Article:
candidates due to extensive pulmonary disease and/or additional comorbidities. Small biopsy-proven malignancies are often referred for CTguided fiducial marker placement. Due to lesion size and location, placing fiducial marker percutaneously in these patients can be technically challenging, requiring significant pre-procedure planning. Complications that can occur in these cases include pneumothorax, pulmonary hemorrhage, inadvertent placement of fiducial markers in the pleural space, fiducial marker migration, and unsatisfactory fiducial marker position for use during stereotactic radiotherapy. Results: Understanding the appropriate position of fiducial markers relative to the lesion and the number of fiducial markers needed greatly influences the technical and clinical success of fiducial marker placement. Patient positioning, planned needle trajectory, and the final anticipated marker position should be thoroughly considered prior to starting the procedure. Fiducial markers are deployed adjacent to or within the lesion, with fiducial markers located in different axial, sagittal, and coronal planes. Challenges that arise during the procedure include limited percutaneous access for appropriate marker placement, avoiding the fissure or pleural surface in peripherally located lesions, and changes in lesion position secondary to developing pneumothorax. Underlying pulmonary disease in our patient population results in a high incidence of pneumothorax, with a substantial number of patients requiring chest tube placement. Conclusions: Percutaneous CT-guided placement of fiducial markers for small pulmonary malignancies in high risk patients can be technically challenging, with a high incidence of complications. Understanding appropriate fiducial marker positioning, as well as overcoming technical challenges that arise during the procedure, increase the likelihood of clinically successful fiducial marker placement. Author Disclosure Block: M.A. Sultenfuss: None. D. Irwin: None. K. Kobayashi: None. A. Zhu: None. D. Smith: None.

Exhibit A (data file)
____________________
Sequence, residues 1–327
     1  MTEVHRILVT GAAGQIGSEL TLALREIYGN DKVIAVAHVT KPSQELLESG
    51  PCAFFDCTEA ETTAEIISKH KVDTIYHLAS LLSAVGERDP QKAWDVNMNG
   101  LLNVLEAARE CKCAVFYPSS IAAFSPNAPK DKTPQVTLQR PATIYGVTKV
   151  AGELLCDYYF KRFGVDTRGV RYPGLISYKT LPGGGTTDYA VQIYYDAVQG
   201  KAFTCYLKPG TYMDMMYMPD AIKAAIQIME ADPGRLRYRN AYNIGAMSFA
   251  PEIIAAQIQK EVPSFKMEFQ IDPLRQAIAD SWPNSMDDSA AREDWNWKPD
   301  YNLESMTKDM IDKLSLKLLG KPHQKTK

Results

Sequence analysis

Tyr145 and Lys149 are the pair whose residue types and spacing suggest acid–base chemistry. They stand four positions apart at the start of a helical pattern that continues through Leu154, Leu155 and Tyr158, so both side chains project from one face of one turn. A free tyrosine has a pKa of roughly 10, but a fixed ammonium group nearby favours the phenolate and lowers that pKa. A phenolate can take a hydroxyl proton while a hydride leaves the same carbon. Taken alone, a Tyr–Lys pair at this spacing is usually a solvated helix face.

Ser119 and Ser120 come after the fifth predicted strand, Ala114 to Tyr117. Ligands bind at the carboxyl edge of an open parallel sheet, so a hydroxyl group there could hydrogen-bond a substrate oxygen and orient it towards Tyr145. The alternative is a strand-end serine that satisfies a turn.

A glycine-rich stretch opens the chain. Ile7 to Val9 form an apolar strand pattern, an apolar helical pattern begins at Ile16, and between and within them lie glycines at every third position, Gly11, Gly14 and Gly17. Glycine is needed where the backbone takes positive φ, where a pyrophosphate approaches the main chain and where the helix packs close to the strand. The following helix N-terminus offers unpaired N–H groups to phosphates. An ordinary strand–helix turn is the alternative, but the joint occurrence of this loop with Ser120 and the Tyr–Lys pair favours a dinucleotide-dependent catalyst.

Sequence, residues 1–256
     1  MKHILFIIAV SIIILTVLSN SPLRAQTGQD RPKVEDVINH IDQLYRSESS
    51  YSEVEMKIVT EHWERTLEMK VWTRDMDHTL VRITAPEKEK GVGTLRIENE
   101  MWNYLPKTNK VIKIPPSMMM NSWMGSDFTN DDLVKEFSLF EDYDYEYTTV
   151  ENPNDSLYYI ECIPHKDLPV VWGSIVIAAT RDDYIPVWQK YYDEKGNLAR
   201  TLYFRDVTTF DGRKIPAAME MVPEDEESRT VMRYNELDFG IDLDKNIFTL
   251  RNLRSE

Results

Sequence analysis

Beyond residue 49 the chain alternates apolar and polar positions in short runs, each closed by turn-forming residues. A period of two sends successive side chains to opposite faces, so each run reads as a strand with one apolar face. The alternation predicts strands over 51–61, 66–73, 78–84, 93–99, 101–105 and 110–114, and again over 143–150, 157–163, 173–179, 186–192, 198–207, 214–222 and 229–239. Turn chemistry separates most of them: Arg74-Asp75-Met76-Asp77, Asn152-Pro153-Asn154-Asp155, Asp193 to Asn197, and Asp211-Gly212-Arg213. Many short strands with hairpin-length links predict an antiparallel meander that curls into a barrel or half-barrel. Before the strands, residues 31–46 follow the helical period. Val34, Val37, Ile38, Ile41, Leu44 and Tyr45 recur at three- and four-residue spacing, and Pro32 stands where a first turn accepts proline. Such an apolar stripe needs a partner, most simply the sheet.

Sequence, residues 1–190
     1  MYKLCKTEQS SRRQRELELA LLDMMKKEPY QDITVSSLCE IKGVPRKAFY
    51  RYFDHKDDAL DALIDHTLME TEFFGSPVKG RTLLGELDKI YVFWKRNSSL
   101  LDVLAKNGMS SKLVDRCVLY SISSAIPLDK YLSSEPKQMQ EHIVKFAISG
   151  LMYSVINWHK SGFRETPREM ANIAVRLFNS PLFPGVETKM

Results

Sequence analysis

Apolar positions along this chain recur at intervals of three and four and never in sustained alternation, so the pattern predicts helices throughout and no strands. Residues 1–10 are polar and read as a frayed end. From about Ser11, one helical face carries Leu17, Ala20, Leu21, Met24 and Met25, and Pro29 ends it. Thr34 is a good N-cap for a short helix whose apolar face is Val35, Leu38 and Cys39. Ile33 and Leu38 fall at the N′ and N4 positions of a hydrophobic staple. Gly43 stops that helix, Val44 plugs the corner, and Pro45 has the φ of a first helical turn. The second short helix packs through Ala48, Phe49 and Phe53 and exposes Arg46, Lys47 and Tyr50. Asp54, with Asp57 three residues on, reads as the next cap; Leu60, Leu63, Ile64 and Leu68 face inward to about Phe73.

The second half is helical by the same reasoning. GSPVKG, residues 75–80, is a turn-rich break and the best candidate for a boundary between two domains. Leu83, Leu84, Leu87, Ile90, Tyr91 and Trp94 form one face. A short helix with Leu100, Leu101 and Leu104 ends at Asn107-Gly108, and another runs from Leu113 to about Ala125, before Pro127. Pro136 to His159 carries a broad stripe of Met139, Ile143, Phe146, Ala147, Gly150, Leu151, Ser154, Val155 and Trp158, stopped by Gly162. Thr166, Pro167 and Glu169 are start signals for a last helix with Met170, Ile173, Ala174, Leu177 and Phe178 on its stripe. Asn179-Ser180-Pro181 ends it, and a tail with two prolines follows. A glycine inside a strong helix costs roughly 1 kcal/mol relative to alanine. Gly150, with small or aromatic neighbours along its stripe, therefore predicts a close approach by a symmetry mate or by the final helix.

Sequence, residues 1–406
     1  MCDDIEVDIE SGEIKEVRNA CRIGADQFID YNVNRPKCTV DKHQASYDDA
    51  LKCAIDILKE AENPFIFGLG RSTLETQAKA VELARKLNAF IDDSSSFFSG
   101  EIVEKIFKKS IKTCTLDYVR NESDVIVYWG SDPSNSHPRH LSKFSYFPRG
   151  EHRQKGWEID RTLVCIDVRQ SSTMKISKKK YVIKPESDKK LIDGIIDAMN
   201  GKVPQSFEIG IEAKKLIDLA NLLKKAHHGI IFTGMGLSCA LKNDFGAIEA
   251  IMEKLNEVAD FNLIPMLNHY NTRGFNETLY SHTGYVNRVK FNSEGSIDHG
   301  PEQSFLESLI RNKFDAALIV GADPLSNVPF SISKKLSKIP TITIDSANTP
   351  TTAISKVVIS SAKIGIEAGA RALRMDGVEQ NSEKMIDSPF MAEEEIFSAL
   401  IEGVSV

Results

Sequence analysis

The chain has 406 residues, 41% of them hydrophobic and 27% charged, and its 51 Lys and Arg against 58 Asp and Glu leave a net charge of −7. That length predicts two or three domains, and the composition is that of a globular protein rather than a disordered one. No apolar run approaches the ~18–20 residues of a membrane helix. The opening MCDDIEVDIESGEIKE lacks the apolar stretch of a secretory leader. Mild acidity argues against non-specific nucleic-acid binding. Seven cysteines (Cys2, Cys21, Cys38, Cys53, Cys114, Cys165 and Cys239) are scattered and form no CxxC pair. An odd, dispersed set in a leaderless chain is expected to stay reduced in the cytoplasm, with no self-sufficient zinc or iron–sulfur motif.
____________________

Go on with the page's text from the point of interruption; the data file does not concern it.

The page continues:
151 Implantable MRI Tissue Markers: Design and Phantom Studies K.S. Martirosyan 1, S.J. Frank 2, J. Stafford 2, 1University of Texas at Brownsville, Brownsville, TX, 2M.D. Anderson Cancer Center, Houston, TX Purpose/Objectives: The positive identification of implantable radioactive seeds under MRI has been actively investigated. The major problem is to accurately evaluate the titanium seed distribution by MRI due to artifacts that generated by titanium high frequency shielding. The development of a positive contrast MRI tissue marker to aid in seed detection and localization is a major technological advance for prostate brachytherapy, with the potential to significantly change the field by improving the quality of every implant performed. The goal of this study is to demonstrate optimal MRI tissue marker design and testing under brachytherapy phantom. The developed markers will provide a powerful tool for accurate delivery of radiation and improved assessment of the quality of prostate brachytherapy. Materials/Methods: The MRI tissue marker consists of a sealed biocompatible polymer capsule containing a containing a cobalt chloride solution chelated with N-acetyl-cysteine (Co-NAC). To ensure ease of use and compatibility with current brachytherapy technology (implant needles and templates) the dimensions of the marker selected to be equivalent to those of the spacing devices typically placed between radioactive seeds. In this way the tissue marker can be easily integrated into implantable brachytherapy systems and simply placed between seeds in an implant needle. Results: We designed the MRI marker to be 5.5 mm long, with an outer capsule diameter of 0.8 mm (inner diameter 0.6 mm); the Co-NAC contrast agent solution is contained within this capsule. The selection of the optimal capsule material, encapsulation methodology, and device sealing strategies has been critical to device development and design. An implantable grade